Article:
Initially I was running Steeda adjustable end links with Steeda bars. I still couldn't go full stiff on the front bar, but I could use the other three holes. I recently installed Vorshlag camber/caster plates to get more camber as well as to make adjusting the camber easier. I did this because I was switching to R compound tires with 19x11 wheels and knew I was going to need more front camber.

    After doing that, the larger ball joint ends were interfering with the hard brake line from the strut moving closer inboard with more camber. I slightly bent the hard brake line mount inboard to gain clearance on the driver side and drilled a new hole in the mount on the passenger side to move it back 1/2". This gained clearance for the top, but then the shaft of the end link was contacting the bottom of the front strut.

    I have since installed a set of Scott Drake end links up front. They use a heim joint that is smaller in diameter than the Steeda ball joint and the stud length is slightly shorter from the back of the joint to the mounting surface for the bar. This allows enough room to run the two rear holes without interference. I had tried flipping the bottom link to the the other side of the bar, but the geometry is not right and will lift or push down on the bar when turning. I'm at the point where I was going to start measuring bars to see if there is a difference among manufacturers.

    Going with the Vorshlag camber plates created more front droop due to the fact that the top of the strut actually sits about 3/4" lower in the upper perch than the RideTech perch, but I do not believe it changed end link geometry. It just required that I adjust the collars to gain the same ride height as before.
     
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  10. stuntman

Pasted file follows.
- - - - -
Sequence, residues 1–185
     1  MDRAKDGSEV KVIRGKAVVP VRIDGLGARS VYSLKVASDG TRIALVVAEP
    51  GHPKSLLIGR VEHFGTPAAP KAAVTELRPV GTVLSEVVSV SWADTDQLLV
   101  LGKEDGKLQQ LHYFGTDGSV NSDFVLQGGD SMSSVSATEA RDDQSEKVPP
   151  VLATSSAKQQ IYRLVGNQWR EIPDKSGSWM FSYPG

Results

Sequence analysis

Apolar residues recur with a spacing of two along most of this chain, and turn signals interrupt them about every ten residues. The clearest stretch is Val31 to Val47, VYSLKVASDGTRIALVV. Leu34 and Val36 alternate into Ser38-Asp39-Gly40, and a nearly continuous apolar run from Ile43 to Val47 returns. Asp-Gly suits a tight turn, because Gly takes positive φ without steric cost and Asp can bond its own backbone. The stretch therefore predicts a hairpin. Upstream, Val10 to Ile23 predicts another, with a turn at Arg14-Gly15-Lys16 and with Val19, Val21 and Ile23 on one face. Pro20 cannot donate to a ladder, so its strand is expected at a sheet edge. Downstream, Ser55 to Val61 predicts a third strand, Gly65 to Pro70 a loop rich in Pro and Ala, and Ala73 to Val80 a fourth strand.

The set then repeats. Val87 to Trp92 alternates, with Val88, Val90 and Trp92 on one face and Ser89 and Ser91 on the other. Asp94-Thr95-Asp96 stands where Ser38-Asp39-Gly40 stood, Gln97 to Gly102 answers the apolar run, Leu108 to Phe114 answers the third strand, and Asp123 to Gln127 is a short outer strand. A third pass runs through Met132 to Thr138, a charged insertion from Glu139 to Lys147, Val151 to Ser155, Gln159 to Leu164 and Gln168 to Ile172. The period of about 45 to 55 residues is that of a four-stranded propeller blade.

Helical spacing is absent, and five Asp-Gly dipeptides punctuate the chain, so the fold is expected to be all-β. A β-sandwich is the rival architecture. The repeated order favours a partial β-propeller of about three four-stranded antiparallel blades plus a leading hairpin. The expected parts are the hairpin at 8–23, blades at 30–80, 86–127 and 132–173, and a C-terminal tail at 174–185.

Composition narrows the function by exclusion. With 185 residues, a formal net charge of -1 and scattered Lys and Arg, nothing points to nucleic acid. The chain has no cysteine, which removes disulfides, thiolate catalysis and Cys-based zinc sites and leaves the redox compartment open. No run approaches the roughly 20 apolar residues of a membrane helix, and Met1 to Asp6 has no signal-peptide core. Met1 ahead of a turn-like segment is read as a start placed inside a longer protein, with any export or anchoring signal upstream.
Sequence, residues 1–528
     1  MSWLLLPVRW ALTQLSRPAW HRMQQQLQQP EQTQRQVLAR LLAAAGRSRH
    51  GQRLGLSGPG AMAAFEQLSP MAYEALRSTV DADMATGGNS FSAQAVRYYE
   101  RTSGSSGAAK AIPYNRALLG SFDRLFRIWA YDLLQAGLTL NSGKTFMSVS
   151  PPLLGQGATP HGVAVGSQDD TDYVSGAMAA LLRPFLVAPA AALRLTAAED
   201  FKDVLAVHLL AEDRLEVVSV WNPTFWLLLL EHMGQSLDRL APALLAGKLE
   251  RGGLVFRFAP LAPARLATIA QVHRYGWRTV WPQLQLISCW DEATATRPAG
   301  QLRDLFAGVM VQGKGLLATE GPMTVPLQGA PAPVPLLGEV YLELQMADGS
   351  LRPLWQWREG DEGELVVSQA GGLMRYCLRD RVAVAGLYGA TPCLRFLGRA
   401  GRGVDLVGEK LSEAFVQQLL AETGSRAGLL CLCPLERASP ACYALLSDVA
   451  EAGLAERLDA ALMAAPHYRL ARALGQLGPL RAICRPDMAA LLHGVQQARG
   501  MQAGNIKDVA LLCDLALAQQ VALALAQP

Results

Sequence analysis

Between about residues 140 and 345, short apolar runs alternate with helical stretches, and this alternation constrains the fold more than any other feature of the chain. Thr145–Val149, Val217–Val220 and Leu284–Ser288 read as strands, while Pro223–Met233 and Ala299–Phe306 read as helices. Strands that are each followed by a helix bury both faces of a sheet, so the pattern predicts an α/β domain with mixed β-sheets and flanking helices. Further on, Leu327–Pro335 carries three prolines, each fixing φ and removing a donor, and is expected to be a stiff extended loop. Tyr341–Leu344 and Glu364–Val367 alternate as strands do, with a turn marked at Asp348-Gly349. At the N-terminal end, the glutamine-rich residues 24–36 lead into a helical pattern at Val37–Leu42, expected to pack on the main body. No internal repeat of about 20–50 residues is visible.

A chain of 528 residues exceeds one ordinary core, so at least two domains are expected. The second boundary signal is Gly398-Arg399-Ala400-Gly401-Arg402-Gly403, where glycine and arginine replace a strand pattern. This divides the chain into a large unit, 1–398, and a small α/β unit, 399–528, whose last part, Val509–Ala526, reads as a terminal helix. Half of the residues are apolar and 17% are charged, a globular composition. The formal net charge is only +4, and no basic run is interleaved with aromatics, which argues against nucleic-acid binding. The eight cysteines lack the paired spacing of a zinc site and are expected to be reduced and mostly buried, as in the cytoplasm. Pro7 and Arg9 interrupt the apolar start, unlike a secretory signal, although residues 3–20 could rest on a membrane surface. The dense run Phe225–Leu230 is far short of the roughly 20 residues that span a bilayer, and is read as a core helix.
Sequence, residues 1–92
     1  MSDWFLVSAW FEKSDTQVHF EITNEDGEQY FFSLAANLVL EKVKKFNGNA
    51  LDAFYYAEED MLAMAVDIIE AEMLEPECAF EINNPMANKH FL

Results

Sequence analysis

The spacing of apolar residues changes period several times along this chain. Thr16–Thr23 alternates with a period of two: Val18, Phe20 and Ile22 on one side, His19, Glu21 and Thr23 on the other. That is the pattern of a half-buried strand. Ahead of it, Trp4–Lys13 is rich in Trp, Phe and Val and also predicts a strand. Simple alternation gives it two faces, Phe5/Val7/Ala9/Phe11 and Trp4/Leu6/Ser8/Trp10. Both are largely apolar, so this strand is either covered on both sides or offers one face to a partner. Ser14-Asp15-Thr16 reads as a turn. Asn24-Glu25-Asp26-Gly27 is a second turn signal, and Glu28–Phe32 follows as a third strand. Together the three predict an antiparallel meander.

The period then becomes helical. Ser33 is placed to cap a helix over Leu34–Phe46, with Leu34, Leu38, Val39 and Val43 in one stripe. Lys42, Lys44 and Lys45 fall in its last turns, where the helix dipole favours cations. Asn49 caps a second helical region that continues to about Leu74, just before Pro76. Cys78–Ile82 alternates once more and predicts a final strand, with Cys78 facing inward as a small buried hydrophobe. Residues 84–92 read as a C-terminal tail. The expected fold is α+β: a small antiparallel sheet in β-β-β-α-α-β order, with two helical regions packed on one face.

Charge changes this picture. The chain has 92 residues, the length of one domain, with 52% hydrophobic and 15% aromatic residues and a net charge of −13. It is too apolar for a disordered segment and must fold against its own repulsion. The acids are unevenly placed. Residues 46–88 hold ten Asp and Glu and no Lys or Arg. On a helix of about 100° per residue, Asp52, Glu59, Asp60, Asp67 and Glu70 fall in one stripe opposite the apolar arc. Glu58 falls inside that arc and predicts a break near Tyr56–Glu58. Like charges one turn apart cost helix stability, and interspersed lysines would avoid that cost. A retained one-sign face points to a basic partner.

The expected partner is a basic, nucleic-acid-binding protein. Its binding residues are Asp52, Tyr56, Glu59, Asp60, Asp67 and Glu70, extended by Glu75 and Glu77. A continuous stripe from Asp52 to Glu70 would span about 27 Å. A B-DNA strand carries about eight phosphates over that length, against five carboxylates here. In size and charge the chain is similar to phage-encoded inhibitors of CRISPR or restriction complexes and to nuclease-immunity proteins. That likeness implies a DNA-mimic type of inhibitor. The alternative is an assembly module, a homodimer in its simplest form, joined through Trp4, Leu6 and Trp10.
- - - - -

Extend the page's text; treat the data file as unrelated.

stuntman TMO Advanced

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    8 from full soft or full stiff?

    Yes droplinks = endlinks.
     
  11. Nvrfinished

    Nvrfinished TMO Advanced

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    8 from full stiff with a range of 24 total
     
  12. gtorpedo

    gtorpedo TMO Advanced

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    I've got a similar setup and here's how I run currently - I really like it.

    Ridetech Level 2 400f/500r
    7-8 clicks from full firm front & rear
    BMR sways set to full soft front/rear (delrin bushing up front)
    Full tilt boogie endlinks
    I also have the endlink interference issue with the front strut and I understand your frustration. Fortunately, I've not felt the need to increase the stiffness of the front bar.

    I ran this setup last month at VIR with 285/35/18 RS4's and was very happy. I'll be back out this weekend with 305 NT01's so I may have to tweak but I think this will be a good starting point for me.
     
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  13. Nvrfinished

    Nvrfinished TMO Advanced

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    Great! I'm glad to hear that I was thinking in the right direction about increasing my spring rates. It's even better hearing from others running RideTech. With the exception of the end link issue, I really like how they perform.
     
  14. gtorpedo

    gtorpedo TMO Advanced

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    BTW, I am running less camber than you. 2.3* front and 1.5* rear. I have the Vorshlag CC plates that I’m waiting to install and will likely push the front camber out a bit with the NT01’s.


    Sent from my iPhone using Tapatalk
     
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  15. Nvrfinished

    Nvrfinished TMO Advanced

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    FYI, the Vorshlag plates locate the top of the strut about 3/4" lower than where it sits currently and the upper perch is located higher than the RideTech perch. This creates a shorter overall assembly. If your care sits low, you will have a small gap between the top of the spring and the perch at full droop. I've been holding off on getting a set of 4" helper springs and stackers from Hyperco until I order the higher spring rates.

    Also, I had a conversation with a member on another forum, ddozier, who runs RideTech as well. He said that to run the two forward stiff holes on the front bar, he swaps the front struts to opposite sides which allows the mount on the strut to point forward, thus avoiding contact with the end links. It will not work for the softer settings though and requires that you change the struts back.
     
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  16. ddozier

    ddozier TMO Intermediate